We've looked at some of this before, in terms of improved automation and algorithms.
The PC spawned the ubiquitous Internet, which in turn inspired a social and economic revolution in digital media: the Web, Napster, blogging, YouTube, Facebook, Twitter, Instagram. Still, digital media represents only a tiny sliver of the world economy. Now, Anderson argues, the maker movement is bringing the same technical advances that we saw in media—instant reproduction, endless customization, easy fabrication, and much more widely distributed means of production—to the much larger business of physical things. In the same way that the Web allowed amateurs to become journalists and photographers and filmmakers, these new technologies will let inventive doodlers turn their creations into real stuff. And not just stuff, but stuff that can be made on a large scale and sold to people around the world, competing with the mass-manufactured goods that now dominate our retail shelves. If things go well, we might even see the American economy benefitting from something many of us thought was in permanent decline—local manufacturing. “You think the last two decades were amazing?” Anderson asks. “Just wait.”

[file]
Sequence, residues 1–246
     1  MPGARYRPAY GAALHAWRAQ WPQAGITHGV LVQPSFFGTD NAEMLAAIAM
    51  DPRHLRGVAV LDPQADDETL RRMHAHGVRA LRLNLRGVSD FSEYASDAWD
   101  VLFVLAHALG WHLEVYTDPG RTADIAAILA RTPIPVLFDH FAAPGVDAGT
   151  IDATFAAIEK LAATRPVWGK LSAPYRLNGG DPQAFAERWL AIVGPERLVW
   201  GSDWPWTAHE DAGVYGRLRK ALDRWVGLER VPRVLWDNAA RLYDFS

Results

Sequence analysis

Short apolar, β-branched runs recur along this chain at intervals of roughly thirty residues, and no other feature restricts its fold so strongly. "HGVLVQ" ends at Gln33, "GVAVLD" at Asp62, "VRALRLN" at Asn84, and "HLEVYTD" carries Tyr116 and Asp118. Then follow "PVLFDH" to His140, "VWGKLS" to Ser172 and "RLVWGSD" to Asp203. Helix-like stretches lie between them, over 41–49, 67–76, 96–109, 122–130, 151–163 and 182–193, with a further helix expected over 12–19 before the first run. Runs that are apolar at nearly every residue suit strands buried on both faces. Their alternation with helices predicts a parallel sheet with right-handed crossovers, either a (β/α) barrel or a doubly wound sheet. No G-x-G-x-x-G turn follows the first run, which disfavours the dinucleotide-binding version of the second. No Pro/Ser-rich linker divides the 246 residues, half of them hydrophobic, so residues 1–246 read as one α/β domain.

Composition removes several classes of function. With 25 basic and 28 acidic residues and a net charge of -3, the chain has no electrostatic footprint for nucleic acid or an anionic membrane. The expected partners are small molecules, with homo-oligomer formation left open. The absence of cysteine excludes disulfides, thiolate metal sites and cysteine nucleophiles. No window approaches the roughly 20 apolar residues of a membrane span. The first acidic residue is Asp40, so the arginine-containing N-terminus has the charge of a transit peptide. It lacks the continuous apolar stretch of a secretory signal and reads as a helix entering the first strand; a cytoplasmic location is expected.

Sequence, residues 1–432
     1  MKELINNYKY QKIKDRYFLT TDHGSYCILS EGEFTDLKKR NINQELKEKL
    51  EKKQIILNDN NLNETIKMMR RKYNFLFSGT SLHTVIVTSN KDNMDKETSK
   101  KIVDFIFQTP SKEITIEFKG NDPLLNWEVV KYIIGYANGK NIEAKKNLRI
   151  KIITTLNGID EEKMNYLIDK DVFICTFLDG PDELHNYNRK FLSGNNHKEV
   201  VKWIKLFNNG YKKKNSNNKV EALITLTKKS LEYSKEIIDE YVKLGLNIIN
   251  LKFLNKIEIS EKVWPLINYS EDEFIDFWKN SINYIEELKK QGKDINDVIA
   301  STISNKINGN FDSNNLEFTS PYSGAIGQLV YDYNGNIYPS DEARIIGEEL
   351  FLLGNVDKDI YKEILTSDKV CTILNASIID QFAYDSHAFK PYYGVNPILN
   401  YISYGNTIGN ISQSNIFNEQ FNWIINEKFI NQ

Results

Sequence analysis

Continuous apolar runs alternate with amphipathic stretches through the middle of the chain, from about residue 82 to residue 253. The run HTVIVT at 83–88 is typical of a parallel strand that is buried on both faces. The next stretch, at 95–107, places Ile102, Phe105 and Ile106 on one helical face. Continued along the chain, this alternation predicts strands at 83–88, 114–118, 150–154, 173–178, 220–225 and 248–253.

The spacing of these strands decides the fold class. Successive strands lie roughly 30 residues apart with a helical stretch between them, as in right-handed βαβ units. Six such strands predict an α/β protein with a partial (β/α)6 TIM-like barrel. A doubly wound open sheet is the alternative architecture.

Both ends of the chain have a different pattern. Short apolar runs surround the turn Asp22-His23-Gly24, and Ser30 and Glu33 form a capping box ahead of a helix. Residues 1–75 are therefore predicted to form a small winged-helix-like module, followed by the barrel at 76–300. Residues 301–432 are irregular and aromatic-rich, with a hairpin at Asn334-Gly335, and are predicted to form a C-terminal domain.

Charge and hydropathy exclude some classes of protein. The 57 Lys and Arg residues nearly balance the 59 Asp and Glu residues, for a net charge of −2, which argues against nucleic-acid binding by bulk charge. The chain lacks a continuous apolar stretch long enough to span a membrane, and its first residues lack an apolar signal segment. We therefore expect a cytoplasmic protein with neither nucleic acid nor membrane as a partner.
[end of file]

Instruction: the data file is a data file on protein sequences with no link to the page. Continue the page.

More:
Wednesday, September 19, 2012
The net goes physical
Slate reviews a new book by Chris Anderson of Wired: